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Aggie OBP3 vs. U-retro

Discussion in 'Pickups & Electronics [BG]' started by JayJay, Aug 12, 2003.

  1. OBP-3

    13 vote(s)
  2. U-retro

    5 vote(s)
  1. JayJay


    May 13, 2002

    I am seriously considering to replace the onboard preamp of my Yammy BB1500A to either of the above. I am having a hard time deciding becoz both of them are so attractive and are the hot favourites among many currently.
    The aggie is especially so due to price advantage it has over the u-retro. But the retro on the other hand has so much more tonal flexibility
    Which do you think will be better on a 4-string bass?
    If the cost is not factored in, which is a more killer preamp?
    Is the aggie more "hi-fi" sounding or the u-retro?
    Bassists who owns both pre maybe can share your experience and preferences.

    Thanks all ;)
  2. jivetkr


    May 15, 2002
    Its really a win win situation. Both are awesome.

    I have the aggie in my USA jazz deluxe & its a HUGE improvement. Actually its like a brand new bass.

    I had a bass with a u retro in it also & I got rid of it. I liked the retro, hated the bass. In my opinion the retro only has the advantage of the passive tone control. If you are not going to run your bass in passive its not worth the extra $100 or so dollars.

    The aggie is a great value.
  3. sheepdog


    Feb 20, 2003
    Birmingham, AL
    I thought you could wire the OBP 3 with a active/passive switch (or a push/pull on the volume knob). The blend knob would still work while using the OBP 3. I like that feature over a 2 way pickup switch.
  4. David Wilson

    David Wilson Administrator Staff Member Administrator Supporting Member

    Oct 14, 2002
    Lower Westchester, NY
    I've owned both, and tried both in the same bass.

    In terms of flexibility, the U-Retro wins hands down. Mid sweep/bright pull.
    Also, the active blend means you don't get the problems that can occur with a passive blend.

    Having said that, the OBP-3 worked better for me in my Warwick Thumb 5. I just felt the bass boost was more powerful, which is very important to me. With the aguilar, you can fix the mid freq at 400 or 800 or some points inbetween and also install a switch to vary between 400 and 800. I find having the two frequencies works fine for my needs, I use 400 for boost and 800 when cutting for slap.
  5. David Wilson

    David Wilson Administrator Staff Member Administrator Supporting Member

    Oct 14, 2002
    Lower Westchester, NY
    Yes you can do that. I didn't use the pickup switch on the retro at all, although I know some people do.
  6. JayJay


    May 13, 2002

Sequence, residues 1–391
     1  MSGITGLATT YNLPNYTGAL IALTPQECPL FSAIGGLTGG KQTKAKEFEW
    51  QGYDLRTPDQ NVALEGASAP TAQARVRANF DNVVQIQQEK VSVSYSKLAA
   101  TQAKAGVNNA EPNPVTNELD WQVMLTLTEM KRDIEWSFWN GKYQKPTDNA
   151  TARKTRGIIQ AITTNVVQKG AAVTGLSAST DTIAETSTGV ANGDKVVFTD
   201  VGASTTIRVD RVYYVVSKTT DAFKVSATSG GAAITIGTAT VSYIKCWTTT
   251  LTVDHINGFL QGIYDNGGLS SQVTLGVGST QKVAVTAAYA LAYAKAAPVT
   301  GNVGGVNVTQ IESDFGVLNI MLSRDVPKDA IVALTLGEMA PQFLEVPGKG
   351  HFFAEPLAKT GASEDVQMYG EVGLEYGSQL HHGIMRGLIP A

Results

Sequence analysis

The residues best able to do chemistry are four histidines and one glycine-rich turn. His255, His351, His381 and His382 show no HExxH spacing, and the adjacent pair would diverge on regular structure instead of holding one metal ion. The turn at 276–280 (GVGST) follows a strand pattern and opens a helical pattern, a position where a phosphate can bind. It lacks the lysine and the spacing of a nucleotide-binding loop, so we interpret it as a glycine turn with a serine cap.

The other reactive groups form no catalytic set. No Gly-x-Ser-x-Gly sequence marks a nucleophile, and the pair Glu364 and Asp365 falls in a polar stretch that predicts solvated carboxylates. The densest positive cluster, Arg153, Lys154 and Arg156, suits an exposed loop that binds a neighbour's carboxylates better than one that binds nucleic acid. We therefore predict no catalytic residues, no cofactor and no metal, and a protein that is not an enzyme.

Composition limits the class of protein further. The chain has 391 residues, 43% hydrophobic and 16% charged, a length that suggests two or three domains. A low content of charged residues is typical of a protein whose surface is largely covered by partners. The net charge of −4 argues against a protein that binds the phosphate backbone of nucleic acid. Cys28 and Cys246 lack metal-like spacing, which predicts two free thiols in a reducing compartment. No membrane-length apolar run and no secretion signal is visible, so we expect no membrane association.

Thanks for the input... however it's still hard to decide:(
    David, what are the problems associated with passive blend, an area that's new to me. Also in terms of installing the preamps, which of these offer a easier installation. Is it true that Aguilar now offers the OPB-3 pre-wired with all the difficult to find pots?
    For the retro, I really dig the variable mid frequency selector. :p

  7. David Wilson

    David Wilson Administrator Staff Member Administrator Supporting Member

    Oct 14, 2002
    Lower Westchester, NY
    Blending with passive pickups, there's some signal loss. If you do a search in this forum, you'll see some more detailed descriptions of this.

    The U-Retro is a cinch to install, solder the hot and cold pickup leads to the input and you're 95% of the way there.

    Aguilar aren't offering the obp3 prewired, but if you go to www.bestbassgear.com they will prewire one in almost any configuration you want.
  8. Brooks


    Apr 4, 2000
    Middle East
    I've never tried the Aguilar, but I have a J-Retro (with Fender CS 60s) and a U-Retro (Bart 9J and MM). I find that I generally set my tone, and only play with mid shift and boost, so I don't think that Aguilar would work for me.

    For my next active bass, I am planning on getting the U-Retro Deluxe.
  9. sheepdog


    Feb 20, 2003
    Birmingham, AL
    The OBP3 is able to be wired with a variable mid frequency if that is an issue (not just a 2 way switch). Prewired harness is a definate plus for the U/J retro (deluxe)
  10. brock29609

    brock29609 4 strings, 2 wheels

    May 11, 2003
    Greenville, SC
    Amen, brother. I did the same.

    Never tried a John East preamp, but I can't imagine being any more happy than I am with the OBP-3. Sure, the J or U-retro has a couple more knobs that do other things, but damn, there are still a million options with the OBP-3. The mid boost sounds flat out sweet. Highs are a little to crisp for me, but I keep them close to flat and boost treble on my amp instead.

    Installing the Aguilar is time-consuming and easy to screw up depending on your setup, but I ordered mine from Bestbassgear.com and he offers a preassembled one for an extra few bucks. Worth it in my opinion. There are a TON of wires to solder.

    By the way, I have passive blend knobs in two basses and never have had a problem. If you want less signal loss, go with a 500K blend pot and 500K volume pot. Or better yet, use a Fender "no-load" pot as your master volume. When "clicked" full on you'll have no high end loss.

    Also, besides being expensive, the U-Retro with it's heavy metal stacked knobs will add significant weight to your bass (keep in mind that "sigificant" is subjective). Then again, haven't heard many displeased J/U-Retro owners. They're a happy bunch.